In late May, Gov. Greg Abbott signed a bill to help veterans exposed to open-air burn pits. It would create a state registry of health and exposure information and use it for outreach purposes. Now, advocates and state officials are wondering how — if at all — they’ll share that information with the Department of Veterans Affairs.


Updated at 7:13 p.m. ET

The U.S. Army issued a tweet ahead of Memorial Day weekend with a question for service members and veterans: "How has serving impacted you?"

Among the thousands of responses: harrowing tales of trauma, depression and sexual assault.

In a thread, an Army tweet that preceded the question featured a video by Pfc. Nathan Spencer, a scout with the Army's First Infantry Division.

Texas is one of just three states that did not sign onto a letter sent Friday to Secretary Betsy DeVos asking the U.S. Department of Education to automatically forgive student loans for eligible disabled veterans. 

Starting this October, the Defense Health Agency will take control of all San Antonio-area military medical facilities, including Brooke Army Medical Center, from each of their respective commands.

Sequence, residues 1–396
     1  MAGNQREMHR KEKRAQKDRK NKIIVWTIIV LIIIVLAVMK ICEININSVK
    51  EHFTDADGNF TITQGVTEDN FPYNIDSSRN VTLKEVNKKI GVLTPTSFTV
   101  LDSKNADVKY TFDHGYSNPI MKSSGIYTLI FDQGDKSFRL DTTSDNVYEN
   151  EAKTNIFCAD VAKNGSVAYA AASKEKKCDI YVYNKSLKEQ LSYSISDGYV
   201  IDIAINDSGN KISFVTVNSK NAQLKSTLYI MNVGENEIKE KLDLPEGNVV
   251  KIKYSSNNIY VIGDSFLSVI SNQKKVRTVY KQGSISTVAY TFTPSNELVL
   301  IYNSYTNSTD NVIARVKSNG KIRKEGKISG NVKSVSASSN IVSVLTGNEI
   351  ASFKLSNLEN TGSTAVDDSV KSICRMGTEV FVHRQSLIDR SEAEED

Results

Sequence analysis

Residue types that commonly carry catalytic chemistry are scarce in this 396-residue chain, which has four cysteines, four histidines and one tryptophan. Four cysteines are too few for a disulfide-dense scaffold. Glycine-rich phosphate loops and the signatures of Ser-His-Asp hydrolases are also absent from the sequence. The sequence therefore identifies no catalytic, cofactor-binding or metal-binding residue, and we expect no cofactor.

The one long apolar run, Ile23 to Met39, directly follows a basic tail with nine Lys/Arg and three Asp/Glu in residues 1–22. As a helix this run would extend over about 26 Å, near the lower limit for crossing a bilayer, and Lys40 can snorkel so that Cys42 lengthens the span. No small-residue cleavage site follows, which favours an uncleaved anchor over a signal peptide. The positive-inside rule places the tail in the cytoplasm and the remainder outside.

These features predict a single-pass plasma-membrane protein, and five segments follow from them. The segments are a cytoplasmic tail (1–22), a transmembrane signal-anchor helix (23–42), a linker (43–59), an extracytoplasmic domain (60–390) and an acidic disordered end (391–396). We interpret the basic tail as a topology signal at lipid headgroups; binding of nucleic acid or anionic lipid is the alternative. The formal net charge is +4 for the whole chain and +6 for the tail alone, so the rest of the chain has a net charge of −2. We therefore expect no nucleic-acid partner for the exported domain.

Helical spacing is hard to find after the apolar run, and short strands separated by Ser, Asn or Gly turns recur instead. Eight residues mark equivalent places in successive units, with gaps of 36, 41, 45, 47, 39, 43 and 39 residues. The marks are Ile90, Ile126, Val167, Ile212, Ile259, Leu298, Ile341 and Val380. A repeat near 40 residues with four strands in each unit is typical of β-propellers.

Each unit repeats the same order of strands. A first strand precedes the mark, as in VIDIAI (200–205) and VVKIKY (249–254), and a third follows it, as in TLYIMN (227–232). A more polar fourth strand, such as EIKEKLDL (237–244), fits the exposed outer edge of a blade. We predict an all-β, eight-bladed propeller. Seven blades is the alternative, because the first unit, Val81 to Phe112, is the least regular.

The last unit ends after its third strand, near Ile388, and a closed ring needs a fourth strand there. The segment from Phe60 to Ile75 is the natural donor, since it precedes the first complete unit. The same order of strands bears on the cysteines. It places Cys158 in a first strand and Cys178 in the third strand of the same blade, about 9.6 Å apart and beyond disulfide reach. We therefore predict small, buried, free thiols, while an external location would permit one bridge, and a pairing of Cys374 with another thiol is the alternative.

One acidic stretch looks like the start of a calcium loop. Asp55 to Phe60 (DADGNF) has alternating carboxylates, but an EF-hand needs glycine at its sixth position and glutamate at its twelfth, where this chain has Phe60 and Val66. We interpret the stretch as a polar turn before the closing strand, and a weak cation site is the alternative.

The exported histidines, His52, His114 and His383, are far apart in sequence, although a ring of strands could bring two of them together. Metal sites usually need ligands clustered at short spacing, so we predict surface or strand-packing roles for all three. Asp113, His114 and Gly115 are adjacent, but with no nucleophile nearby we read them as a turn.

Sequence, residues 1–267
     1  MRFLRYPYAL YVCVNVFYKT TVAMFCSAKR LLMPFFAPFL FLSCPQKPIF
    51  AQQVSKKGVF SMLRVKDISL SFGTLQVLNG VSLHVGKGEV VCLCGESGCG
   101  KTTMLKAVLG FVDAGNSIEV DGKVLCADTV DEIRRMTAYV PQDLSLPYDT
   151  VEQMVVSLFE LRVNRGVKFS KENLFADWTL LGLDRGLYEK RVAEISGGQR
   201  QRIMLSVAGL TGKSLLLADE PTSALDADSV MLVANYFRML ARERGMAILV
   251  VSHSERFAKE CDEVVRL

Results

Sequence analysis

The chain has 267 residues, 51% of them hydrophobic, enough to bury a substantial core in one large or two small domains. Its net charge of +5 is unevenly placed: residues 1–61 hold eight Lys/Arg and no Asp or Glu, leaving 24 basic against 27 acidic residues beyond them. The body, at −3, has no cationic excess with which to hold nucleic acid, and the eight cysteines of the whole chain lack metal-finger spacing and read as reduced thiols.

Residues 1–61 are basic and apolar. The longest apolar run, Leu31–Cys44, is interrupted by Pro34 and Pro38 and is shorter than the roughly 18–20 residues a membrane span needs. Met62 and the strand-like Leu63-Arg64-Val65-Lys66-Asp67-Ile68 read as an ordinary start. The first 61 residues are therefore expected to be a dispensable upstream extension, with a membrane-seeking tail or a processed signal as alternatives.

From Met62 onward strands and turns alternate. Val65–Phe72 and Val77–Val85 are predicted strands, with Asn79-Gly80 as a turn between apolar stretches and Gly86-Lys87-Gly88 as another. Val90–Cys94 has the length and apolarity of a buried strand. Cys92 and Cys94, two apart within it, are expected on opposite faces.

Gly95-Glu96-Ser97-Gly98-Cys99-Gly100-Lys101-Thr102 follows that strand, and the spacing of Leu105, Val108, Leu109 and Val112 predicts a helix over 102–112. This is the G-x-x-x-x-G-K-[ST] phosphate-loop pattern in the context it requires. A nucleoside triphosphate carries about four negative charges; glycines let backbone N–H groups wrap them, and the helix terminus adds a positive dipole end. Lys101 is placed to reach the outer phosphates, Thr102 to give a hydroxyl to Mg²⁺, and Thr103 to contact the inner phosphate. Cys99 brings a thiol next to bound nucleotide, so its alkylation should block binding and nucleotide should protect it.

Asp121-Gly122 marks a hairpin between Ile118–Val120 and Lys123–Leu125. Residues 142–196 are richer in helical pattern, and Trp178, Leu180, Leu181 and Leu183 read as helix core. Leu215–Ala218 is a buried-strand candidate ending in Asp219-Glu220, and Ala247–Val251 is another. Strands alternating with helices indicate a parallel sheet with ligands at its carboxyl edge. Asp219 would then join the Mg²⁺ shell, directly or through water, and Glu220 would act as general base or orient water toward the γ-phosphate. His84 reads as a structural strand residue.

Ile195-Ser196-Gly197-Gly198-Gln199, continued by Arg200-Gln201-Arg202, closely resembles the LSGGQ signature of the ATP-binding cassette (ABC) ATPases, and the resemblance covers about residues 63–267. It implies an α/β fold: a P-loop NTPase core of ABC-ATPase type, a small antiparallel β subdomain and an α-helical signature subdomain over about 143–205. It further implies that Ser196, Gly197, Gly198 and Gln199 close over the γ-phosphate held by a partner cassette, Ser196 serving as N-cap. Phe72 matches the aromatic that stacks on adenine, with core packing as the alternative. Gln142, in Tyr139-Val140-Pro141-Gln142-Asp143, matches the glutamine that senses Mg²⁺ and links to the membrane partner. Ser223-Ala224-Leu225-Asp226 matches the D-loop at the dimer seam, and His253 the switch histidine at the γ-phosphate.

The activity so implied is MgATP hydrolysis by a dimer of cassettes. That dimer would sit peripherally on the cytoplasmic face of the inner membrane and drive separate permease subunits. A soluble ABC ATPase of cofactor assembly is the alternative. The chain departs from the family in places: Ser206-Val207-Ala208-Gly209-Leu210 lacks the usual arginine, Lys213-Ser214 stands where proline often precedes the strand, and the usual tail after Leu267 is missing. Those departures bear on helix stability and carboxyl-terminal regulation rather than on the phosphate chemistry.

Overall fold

Updated at 5:30 p.m. ET

A secretive group of scientists who advise the U.S. government on everything from spy satellites to nuclear weapons is scrambling to find a sponsor after the Defense Department abruptly ended its contract late last month.

The group, known as the Jasons, will run out of money at the end of April. The Pentagon says that the group's advice is no longer needed, but independent experts say it has never been more relevant and worry the department is throwing away a valuable resource.

After years of complaints, the Pentagon is trying to reform the way it manages the moving process for military families. The current system is plagued by delays, lost shipments, theft, and lack of accountability.

The Lake City Army Ammunition Plant is the military's primary provider of small-caliber ammunition, such as the .50-caliber rounds seen here.
Chris Haxel / Guns & America

Two years after an explosion at a crucial Army factory that is the country's largest producer of small-caliber ammunition, the true cause of Lawrence Bass Jr.'s death remains unclear.

Recreational marijuana use is now legal in ten states, but it remains off-limits to service members ... and some military communities don't want it to be sold anywhere near bases. 

As more states legalize recreational marijuana, there's at least one place where the rules haven't changed: the military. Active service members are strictly forbidden to use marijuana, whether it's recreational or medicinal.